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Backbase and other client-side GUI frameworks

In our knock-out competition, we have progressed now to a state where we have a set of JavaScript frameworks that are comparable in functionality to what the Backbase offers. For the comparison below, we selected: Bindows, Dojo, Ext JS, Javeline,qooxdoo, and YUI. Let's now take a deeper look at the most relevant characteristics of those toolkits and see how Backbase compares. We will consider the programming model, the widget set, component models, data binding, support for standards, performance, internationalization, and long-term viability.

We start with an overview table. Detailed descriptions follow in the next sections.

 

Backbase

 

Bindows

 

Dojo

 

Ext JS

 

Javeline

 

qooxdoo

 

YUI

 

Programming model

XML/JS

XML/JS

JS/JS

JS/JS

XML/JS

JS/JS

JS/JS

Widget library

Yes

Yes

Yes

Yes

Yes

Yes

Yes

Component model

Binding Language

Binding Language

Dijit plugin

Plugin

Binding Language

Javascript

--

Data Binding

field set

data set

data set

data set

field set

data set

data set

Cross-browser support

Yes

Yes

Yes

Yes

Yes

Yes

Yes

Internationalization

+/-

++

++

+

-

++

++

As you can see, this comparison table is not too useful because it merely shows what these frameworks have in common. We left out performance in this table because there is no easy way to compare these frameworks quantitatively and we do not know about any benchmark tests.

Programming model

The programming model varies between frameworks. It is a matter of developer preference to see which model he/she is more comfortable with. To help you find your own preference, we included a section at the end of this article to compare an Ext JS example with the same example in Backbase. We also use this example to show you how you can integrate other frameworks into Backbase if desired.

There are two different approaches used:

  • XML for UI layout and JavaScript for UI logic
  • JavaScript both for UI layout and for UI logic

In the first group, we have advanced toolkits such as Backbase, Bindows, and Javeline; in the second group, there are Dojo, Ext JS, qooxdoo, and YUI. The toolkits in the first group make use of XML as a way to layout the application UI and they provide a DOM or a DOM-like interface to it.

The toolkits in the second group produce widgets in a different way. They also provide other ways to register widget event handlers.

The major benefit of using XML for UI layout is better separation of the three concerns: UI, logic, and style. Just using different syntaxes for those areas forces better understanding of how to organize code; it also enables programming practices that were used for designing native HTML pages that have been proved to work well. Such a separation comes with a price: a framework might need some more time to process the XML initially. However, in practice, this does not seem to lead to significant degradation.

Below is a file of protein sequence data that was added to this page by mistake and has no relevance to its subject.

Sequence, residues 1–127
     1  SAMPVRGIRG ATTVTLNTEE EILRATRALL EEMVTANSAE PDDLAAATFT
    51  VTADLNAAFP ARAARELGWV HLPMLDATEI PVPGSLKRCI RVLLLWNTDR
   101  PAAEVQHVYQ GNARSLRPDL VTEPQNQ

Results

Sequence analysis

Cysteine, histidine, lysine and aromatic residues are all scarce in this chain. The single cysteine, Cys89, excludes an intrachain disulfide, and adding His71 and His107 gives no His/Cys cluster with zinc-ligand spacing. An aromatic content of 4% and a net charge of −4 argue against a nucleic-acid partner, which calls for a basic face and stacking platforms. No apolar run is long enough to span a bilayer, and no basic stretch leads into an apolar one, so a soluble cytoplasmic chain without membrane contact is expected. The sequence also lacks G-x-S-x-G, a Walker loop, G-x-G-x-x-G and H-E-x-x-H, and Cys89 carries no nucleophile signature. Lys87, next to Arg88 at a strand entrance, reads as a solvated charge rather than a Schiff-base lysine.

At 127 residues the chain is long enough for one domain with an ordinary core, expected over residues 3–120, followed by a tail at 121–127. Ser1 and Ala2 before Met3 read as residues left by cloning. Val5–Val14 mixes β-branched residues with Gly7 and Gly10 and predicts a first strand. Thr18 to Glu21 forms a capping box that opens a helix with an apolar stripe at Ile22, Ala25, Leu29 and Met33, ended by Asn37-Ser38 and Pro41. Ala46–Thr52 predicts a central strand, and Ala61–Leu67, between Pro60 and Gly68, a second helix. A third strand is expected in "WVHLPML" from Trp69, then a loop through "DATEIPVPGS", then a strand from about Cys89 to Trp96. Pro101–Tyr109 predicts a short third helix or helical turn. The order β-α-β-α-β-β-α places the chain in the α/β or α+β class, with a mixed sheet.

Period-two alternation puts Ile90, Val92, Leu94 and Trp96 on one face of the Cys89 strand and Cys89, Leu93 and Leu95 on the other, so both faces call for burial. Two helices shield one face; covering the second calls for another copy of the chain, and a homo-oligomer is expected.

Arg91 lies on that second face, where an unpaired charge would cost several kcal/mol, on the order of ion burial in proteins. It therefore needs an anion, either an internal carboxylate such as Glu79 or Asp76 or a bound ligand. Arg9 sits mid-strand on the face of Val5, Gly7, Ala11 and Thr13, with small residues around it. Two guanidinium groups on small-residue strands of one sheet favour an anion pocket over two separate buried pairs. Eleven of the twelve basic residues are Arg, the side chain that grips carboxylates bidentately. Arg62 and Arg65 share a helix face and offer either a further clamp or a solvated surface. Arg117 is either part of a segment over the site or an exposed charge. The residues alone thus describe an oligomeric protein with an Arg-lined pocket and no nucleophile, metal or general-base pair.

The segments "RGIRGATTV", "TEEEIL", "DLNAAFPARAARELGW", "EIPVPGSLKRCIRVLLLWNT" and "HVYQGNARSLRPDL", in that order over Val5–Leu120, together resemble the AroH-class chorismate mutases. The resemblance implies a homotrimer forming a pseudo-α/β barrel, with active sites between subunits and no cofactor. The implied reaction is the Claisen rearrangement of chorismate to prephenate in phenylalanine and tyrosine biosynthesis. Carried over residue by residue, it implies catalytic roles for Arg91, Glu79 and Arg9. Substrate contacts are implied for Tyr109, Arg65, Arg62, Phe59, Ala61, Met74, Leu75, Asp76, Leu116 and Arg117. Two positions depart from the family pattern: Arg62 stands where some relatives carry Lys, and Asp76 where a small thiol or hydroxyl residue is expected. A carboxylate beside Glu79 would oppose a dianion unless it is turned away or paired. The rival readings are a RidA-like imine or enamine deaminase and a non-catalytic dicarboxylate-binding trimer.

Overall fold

Using JavaScript both for UI layout and logic may lead to, as it is known "spaghetti-code", where at some point it becomes rather complex to maintain the application source base. A major problem is that often the look and feel of a page is hidden away in JavaScript source files. If they are included in the HTML page, it will make the code incomprehensible to most graphical web designers.

Widgets

Every framework in our comparison has a great variety of UI widgets.There are comboboxes, tab boxes, date pickers, grids, and so on. It is vital that widgets in a framework follow common design principles so that the developer would be able to start using one, without the necessity to dig in first into documentation.

The widgets are often grouped into the following categories:

  • Layout widgets
  • User input widgets
  • Grid widgets
  • Windowing widgets
  • Others

In the Backbase AJAX framework, the widgets fall into similar categories, which is accidental, but rather because of the inheritance chains they follow. For example, all user input widgets have disabled and value attributes, and all layout widgets have margin and padding attributes.

Component model

The ability to create new components or extend existing ones helps hiding widgetspecific logic and presentation issues away from the application logic. A reusable component can be instantiated several times inheriting all logic its class has defined.